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New Book Challenges not Just AP Course Content, but Role of Courses in the Education System

In the beginning of Shortchanged: How Advanced Placement Cheat Students, Annie Abrams recounts her experience teaching AP courses in a public high school in New York City.

It was 2016. She had just finished earning a Ph.D. in American literature at New York University, and so she expected to have few problems with the material.

“I was wrong to assume continuity between the experiences of teaching liberal arts courses and navigating the Advanced Placement program,” she writes. Teaching in college, she had learned “the point of marking essays,” which was “to help students refine their thinking while instilling in them the confidence that they were capable of intellectual growth.”

Abrams continues, “As a teacher of Advanced Placement, I tried to offer meaningful feedback” to her students. “But my literature course now had two goals: helping students take their own minds seriously and giving them specific—and often competing—tools to perform well on a high stakes test at the end of the year."

And she writes that, “overwhelmed by the volume of papers I was expected to grade and the limited time in which I was expected to do it,” she saw “the definite appeal” of using the College Board’s scale (then 1 to 9) “and using its canned commentary for each point.”

But “rubrics changed students’ relationships to their writing, and to me, as their reader.” Abrams writes that the “exercise became mechanical.”

Her criticism is applied equally across the disciplines, and she doesn’t focus on the recent controversy over the new AP course in African American Studies.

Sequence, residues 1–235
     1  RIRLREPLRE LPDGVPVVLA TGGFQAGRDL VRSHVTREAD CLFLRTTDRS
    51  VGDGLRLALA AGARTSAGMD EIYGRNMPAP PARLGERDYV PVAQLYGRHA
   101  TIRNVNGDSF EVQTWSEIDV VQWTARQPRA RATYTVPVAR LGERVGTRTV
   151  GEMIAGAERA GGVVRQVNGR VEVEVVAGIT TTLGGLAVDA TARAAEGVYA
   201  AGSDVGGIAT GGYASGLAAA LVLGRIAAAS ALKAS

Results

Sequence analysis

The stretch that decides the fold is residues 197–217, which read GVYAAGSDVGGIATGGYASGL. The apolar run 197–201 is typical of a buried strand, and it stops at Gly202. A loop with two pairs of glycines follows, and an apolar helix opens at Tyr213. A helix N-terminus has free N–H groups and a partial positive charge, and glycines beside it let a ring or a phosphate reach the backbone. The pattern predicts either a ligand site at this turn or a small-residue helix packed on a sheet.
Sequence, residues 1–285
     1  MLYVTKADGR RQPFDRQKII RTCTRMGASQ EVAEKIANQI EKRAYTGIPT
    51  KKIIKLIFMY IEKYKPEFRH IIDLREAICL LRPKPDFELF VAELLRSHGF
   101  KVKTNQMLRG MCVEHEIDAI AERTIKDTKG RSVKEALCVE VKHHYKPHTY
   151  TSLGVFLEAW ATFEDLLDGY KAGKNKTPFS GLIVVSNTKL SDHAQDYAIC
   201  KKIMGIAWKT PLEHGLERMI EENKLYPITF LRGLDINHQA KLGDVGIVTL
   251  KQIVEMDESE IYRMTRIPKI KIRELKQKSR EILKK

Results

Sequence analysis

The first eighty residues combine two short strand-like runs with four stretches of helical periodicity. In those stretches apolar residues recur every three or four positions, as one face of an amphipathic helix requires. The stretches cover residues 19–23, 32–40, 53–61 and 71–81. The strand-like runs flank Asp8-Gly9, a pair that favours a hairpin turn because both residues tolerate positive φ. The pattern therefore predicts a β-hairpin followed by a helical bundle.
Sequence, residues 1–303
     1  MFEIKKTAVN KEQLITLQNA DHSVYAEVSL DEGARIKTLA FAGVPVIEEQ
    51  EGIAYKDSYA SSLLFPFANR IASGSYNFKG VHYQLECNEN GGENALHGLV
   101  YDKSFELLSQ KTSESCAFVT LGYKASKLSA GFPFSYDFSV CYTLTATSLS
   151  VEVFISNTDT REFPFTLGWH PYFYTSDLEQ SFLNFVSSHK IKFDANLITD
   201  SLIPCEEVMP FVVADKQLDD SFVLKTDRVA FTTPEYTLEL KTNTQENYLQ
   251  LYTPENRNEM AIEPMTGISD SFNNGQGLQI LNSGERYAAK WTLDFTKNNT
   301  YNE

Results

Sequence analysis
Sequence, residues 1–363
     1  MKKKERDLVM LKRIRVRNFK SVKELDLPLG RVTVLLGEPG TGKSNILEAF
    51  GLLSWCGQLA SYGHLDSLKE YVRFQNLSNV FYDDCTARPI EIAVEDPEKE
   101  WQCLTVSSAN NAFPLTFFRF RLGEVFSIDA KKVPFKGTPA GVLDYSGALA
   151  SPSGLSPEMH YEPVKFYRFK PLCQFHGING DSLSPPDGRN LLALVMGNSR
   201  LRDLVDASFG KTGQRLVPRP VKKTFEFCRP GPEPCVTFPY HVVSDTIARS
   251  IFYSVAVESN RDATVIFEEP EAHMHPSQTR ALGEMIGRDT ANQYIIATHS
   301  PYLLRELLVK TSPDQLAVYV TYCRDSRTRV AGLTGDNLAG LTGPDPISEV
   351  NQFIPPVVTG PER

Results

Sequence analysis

The creation “of the AP program itself” isn’t the problem for Abrams. In several chapters, she reviews the program’s history and finds “the founders’ intentions of aligning liberal arts education across high schools and colleges in ways they believed would protect democracy.”

The problem, she writes, is the “collateral damage caused by moving away from this vision” and to an emphasis on testing.


“The manual for U.S. history teachers is simultaneously dizzying and reductive,” she writes. “Everything is quantifiable: there are nine units and roughly 15 instructional periods per unit. Each day has an associated ‘skill’ from a list of six, a ‘reasoning process’ from a list of three and a ‘theme’ from a list of eight.” Of all these features, Abrams writes, there is not an emphasis on teaching. “Who knows? And, one suspects, who cares? What’s clear is that the insistence of systematizing desiccates the course’s meaning.”

She continues, “I am not a historian by training. But it came as a surprise to me that ‘American national identity’ was not a main concern from 1890 to 1945, nor has it been one from 1980 to the present. It has clearly felt like one of the country’s defining contests in my lifetime.”

Read entire article at Inside Higher Ed